Robert Parker recently sold a majority of The Wine Advocate to a Chinese conglomerate. This occurred shortly after Robert started reducing his work load by handing off the prestigious California wine beat to long time Italian critic, Antonio Galloni.
So what does Antonio go and do? He leaves The Wine Advocate to start up his own website to critique wine under his own name.
It's not just The Wine Advocate either. Last year, James Suckling left The Wine Spectator to start his own site.
So The Wine Advocate is a mess. The Wine Spectator seems to be re-inventing itself with lower ratings across the board for EVERYTHING! And new critics seem to keep coming out of the woodworks every day.
In addition to the "big boys" Wine Spectator and Wine Advocate, you can get ratings from Stephen Tanzer (probably our favorite), Wine Enthusiast, Burghound, Decanter, Rhone Report, Wine & Spirits, and, new guys: James Suckling and Antonio Galloni. That's off the top of my head. I know I  missed several critics that are out there.
The retailer has a love/hate relationship with the critics. We can't knock any of them, because, let's face it, we rely on ratings to sell wine. The Wine Market may be a little different from some retailers in that WE NORMALLY NEED TO AGREE WITH A RATING BEFORE WE BACK IT. I say "normally", because it's not always possible for us to try every highly rated wine. Sometimes, demand is so high, and allocations so restricted, that we have to trust the critic's rating.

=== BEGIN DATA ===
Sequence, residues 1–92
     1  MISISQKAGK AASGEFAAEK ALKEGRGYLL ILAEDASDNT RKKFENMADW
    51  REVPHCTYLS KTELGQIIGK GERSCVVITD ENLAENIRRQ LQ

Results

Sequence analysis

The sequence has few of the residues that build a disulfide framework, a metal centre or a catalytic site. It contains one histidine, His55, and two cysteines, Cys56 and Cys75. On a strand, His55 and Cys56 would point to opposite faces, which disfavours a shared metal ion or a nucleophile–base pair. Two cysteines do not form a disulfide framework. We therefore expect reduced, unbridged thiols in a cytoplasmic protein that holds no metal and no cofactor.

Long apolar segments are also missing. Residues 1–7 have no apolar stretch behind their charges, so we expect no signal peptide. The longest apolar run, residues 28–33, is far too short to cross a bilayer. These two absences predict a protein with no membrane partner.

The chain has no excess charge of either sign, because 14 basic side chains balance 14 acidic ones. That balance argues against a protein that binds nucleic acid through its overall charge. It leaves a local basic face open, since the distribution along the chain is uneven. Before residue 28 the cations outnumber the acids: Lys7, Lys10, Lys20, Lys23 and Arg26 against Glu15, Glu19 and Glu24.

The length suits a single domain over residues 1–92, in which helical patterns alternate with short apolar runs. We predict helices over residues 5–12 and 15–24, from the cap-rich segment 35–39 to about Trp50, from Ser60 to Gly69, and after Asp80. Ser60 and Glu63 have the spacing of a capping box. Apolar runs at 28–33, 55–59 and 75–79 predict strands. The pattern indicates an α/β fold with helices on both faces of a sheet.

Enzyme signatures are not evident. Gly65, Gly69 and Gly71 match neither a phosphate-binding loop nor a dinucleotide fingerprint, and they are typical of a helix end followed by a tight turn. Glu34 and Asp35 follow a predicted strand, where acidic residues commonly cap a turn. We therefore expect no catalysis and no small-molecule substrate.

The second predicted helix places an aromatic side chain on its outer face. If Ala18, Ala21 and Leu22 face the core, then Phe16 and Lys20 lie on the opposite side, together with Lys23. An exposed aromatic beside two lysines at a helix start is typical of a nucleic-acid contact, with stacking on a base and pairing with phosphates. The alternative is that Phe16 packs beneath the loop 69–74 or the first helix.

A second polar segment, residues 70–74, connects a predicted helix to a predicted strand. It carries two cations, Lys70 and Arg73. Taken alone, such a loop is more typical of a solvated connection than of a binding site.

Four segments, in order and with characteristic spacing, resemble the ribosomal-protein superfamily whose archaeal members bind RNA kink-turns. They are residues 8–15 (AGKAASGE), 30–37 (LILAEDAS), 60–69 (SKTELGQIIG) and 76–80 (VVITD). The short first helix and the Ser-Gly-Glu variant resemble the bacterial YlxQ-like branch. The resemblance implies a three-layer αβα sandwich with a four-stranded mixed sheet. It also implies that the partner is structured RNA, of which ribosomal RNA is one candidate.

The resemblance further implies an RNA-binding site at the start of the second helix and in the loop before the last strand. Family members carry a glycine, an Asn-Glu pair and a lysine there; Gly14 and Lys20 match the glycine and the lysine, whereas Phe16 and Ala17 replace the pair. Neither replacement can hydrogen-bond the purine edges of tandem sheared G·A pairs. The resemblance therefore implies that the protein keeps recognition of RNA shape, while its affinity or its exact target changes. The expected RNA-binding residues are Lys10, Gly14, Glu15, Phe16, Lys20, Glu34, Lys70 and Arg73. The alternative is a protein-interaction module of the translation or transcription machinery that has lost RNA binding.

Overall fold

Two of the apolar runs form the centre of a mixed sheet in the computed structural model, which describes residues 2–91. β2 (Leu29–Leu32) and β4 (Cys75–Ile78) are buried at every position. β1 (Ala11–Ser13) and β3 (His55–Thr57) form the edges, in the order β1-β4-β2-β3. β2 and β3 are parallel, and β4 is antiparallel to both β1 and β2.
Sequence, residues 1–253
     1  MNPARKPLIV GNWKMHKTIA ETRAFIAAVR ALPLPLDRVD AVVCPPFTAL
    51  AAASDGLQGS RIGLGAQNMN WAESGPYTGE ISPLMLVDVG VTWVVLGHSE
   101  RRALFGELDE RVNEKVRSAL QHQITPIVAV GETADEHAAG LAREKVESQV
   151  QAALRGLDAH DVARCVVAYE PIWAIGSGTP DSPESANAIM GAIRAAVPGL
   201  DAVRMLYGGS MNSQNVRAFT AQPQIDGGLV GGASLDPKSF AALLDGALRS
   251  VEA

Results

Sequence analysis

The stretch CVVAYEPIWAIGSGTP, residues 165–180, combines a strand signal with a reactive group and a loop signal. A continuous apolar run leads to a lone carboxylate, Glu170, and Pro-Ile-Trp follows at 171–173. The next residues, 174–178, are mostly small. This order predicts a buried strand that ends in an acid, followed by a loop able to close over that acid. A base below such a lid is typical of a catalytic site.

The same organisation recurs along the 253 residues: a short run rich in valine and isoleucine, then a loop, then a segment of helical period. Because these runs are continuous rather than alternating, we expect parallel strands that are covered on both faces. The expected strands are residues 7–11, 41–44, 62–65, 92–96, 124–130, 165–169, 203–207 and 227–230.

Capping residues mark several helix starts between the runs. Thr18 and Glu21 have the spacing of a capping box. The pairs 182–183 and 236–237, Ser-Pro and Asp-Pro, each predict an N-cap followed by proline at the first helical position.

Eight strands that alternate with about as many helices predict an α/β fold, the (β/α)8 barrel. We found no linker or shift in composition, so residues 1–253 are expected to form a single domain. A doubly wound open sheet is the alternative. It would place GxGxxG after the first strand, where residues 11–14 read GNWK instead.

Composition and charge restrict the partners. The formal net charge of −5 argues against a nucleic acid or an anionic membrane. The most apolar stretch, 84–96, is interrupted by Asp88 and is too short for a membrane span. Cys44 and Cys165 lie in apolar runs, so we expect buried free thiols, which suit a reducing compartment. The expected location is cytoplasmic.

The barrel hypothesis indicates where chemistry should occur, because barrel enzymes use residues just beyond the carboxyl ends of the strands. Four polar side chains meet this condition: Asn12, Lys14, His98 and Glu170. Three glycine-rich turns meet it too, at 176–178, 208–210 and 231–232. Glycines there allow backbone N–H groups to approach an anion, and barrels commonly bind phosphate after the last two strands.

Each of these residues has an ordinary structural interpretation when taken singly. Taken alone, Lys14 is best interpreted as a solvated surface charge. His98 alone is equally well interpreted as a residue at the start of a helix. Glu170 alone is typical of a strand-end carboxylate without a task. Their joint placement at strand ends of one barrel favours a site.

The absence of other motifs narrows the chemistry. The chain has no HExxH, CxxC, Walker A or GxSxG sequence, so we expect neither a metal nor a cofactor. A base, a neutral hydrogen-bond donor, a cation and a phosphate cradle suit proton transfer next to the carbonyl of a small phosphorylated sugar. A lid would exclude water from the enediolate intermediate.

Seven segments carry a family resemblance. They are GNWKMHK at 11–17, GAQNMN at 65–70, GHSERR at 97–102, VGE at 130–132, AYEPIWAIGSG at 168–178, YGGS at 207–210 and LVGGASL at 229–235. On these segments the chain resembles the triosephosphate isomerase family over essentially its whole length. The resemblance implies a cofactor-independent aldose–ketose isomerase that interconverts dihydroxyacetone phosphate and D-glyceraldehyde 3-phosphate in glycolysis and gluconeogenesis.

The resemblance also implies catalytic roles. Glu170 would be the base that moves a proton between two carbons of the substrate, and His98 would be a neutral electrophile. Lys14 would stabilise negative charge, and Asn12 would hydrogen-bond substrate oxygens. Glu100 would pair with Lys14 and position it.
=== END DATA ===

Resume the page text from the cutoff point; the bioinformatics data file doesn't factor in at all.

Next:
But what's the consumer to do? Here's a few things that I think make sense:
First, if you're so inclined, read as many reviews as possible. It's interesting to see how the critics align, and where they differ.
Second, find "wine people" you can trust. These resources can come from retailers, restaurant sommeliers, or from individual wineries. If these "wine people" really love wine, they will be happy to talk wine with you, and make suggestions on some of their favorites.
Finally, taste wine. Taste as much as you can. Here in St. Louis, there are always wine tastings - most of them at no charge. Restaurants also offer wine pairing dinners, and winemakers are constantly traveling the country to "work the markets".
Once you develop your palate and have a circle of "wine people" you can trust, the critics scores become just what they should be: one tool among many, to evaluate a wine.


Robert Parker evaluating a wine.

Friday, February 22, 2013

Winery Focus: Brewer Clifton!

I was very pleased to read that The Los Angeles Times selected a Brewer Clifton Chardonnay as their "wine of the week".